How Much Should Teaching Artists in El Sistema-inspired Programs Be Paid?
By Eric Booth
Did you actually think I would give you a hard number in answer to that question?
There is no numerical absolute. Not even a reliable calculator to help you factor in local realities like comparable norms and cost of living increases, and come up with a definitive sum. It is a fool’s mission to come up with such a number, because there are too many variables and particularities to factor in. But I can bring some hard-number research to bear on the question.
I often say that El Sistema is in the intrinsic motivation business. Education research widely affirms that the learner’s motivation is the single most influential factor in learning outcomes. If we want life-transformative learning to happen in Sistema programs, we have to focus our teaching and community-building priorities on nurturing our learners’ hunger for ambitious musical accomplishment.
You can only create a hothouse that incubates the intrinsic motivation of young artists if the teachers are intrinsically motivated themselves to discover how to create such a motivating environment. If you don’t have intrinsically-motivated teachers, you don’t have intrinsically-motivated learners – which means you don’t achieve your Sistema-inspired goals. Yes, positive things may be happening around a program that doesn’t prioritize the complex work of motivation building, but they are selling short the Sistema ideal.
And here is where the research slams in. The inarguable answer from research about how much you have to pay a teacher in order to support his or her intrinsically-invested commitment is … enough. Enough so that the issue of money becomes irrelevant. Hundreds of studies have shown that pay is not the primary issue in fostering personal investment in the work of any profession. Indeed, there is a point at which increased pay makes no difference to motivation and thus level of performance, and may actually decrease both. There is an income level that subjects in research studies often describe as “enough,” at which point money ceases to be an issue. That’s how much teaching artists in Sistema programs should be paid.
What is that in actual dollars, in each local setting? That’s up to program leaders to determine. But I can truthfully say that in general, the teaching artists are not paid enough. I see evidence of this. I see too much turnover. I see teaching artists expending so much energy on getting other work that they can’t commit the full motivation a Sistema program requires. I recognize that other factors contribute to the remuneration package and can make up for less-than-enough money, and I have met individuals teaching artists who find their package deal to be “enough” to allow them to commit their whole hearts; but I have not seen a program in the U.S. where underpaid faculty are sustainably motivated by the ancillary perks.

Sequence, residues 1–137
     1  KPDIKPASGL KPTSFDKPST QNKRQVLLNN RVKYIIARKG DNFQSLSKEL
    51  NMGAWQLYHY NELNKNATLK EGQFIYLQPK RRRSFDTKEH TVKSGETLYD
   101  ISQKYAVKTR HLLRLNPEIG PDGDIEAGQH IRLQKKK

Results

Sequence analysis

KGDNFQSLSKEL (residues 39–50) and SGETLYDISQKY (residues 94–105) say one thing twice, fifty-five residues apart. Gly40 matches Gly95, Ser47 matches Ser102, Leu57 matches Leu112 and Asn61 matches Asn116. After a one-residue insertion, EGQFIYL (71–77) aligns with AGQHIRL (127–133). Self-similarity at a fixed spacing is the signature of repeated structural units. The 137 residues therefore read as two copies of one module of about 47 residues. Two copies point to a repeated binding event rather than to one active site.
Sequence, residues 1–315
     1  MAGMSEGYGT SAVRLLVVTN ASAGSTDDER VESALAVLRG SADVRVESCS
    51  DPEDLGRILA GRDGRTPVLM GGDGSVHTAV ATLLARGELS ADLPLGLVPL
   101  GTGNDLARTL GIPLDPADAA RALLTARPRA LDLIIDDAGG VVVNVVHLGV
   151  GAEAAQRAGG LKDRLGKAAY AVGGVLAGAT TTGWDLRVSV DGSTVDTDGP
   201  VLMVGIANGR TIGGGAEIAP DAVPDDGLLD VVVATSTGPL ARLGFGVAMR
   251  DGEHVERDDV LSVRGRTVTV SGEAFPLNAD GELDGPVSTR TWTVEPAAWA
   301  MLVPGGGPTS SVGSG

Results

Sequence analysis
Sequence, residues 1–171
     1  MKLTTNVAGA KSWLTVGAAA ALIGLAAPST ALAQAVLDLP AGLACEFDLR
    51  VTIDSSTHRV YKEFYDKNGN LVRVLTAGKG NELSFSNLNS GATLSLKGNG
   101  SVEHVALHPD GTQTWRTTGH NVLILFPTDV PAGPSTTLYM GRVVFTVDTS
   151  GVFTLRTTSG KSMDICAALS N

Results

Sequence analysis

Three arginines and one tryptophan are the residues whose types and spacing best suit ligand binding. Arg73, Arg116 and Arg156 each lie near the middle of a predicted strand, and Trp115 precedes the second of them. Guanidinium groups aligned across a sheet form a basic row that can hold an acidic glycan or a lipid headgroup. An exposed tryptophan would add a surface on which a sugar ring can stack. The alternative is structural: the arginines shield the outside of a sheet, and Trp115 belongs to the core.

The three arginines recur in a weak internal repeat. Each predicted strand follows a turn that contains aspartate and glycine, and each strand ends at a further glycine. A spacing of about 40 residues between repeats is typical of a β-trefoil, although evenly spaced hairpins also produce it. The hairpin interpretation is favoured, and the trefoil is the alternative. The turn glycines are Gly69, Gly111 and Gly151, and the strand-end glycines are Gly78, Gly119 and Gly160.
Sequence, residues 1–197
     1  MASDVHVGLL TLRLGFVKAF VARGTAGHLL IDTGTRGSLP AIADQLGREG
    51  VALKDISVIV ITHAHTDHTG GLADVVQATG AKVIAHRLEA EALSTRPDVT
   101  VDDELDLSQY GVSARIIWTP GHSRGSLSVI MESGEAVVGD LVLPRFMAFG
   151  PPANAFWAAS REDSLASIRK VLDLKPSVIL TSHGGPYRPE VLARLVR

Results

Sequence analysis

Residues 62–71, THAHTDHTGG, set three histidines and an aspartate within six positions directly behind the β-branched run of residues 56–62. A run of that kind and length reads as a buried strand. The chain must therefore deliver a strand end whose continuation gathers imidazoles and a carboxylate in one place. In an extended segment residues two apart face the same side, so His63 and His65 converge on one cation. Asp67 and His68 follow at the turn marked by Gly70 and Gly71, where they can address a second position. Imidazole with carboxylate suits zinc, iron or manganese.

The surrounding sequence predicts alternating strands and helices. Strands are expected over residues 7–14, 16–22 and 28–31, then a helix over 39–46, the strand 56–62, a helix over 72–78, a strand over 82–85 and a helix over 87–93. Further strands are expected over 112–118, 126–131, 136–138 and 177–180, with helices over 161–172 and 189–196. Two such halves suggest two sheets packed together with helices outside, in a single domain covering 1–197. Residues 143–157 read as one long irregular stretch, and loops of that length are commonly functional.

Yes, this is easier said than done. I don’t know where you might get the extra funding needed to get compensation up to “enough.” I only know, from research and life, that if you stint the way you support faculty to achieve your program goals, you undercut the likelihood that you can achieve those goals. And Sistema-inspired programs have very high goals.
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When I taught and led the Art and Education program at Juilliard (graduate students of music in a two-year program to become teaching artists while they were getting their degrees), I included a small group challenge as part of the curriculum during their classroom year. In groups of four, they were to design an arts-centered 7th grade-to-12th grade school. They had a budget total to adhere to, but free rein to design the way the school functioned according to their own understandings of how the arts can boost learning. Invariably, groups started by designing the arts’ learning programs and who would teach them, and then had the other learning tracks spring from the arts. About halfway through the process, I gave them a list of legally mandated expenditures of all schools in New York State, including what full- time teachers had to be paid and the cost of their whole employment package, costs for maintenance and janitors, as well security, health, administrative personnel, and food service requirements, etc. There was a long quiet period of studying the numbers, grappling with their initial expenditures on ideal arts faculty and support for the arts programs, in light of the burdensome legal requirements imposed on the budget. Every year, I would hear, within ten minutes, each group speak the equivalent of, “Well, to save money, we don’t have to pay the arts faculty that much.” And every year, the financial support for arts faculty would drop below the level of remuneration of non-arts faculties. Once, a group paid them less than food service workers, which is not so far from reality.
Sistema programs face similar realities, and must make similar hard choices. (I must say, I was usually appalled at how blithely, without feeling particularly guilty, the Juilliard students cut pay for artists. The awkward moment was usually handled with a resigned dark-humor joke.) I have talked with a number of Sistema administrators about raising their faculty pay, and I see the difficulties. It doesn’t look good in a budget total to have so much money go to faculty; it doesn’t look good to pay significantly more than other programs in the area. Why pay more than you have to?
Because you have to, if you want to achieve extraordinary results. Which is what Sistema-inspired programs are in the business of accomplishing. How much? The answer is quite probably: more than you currently pay, to become “enough.”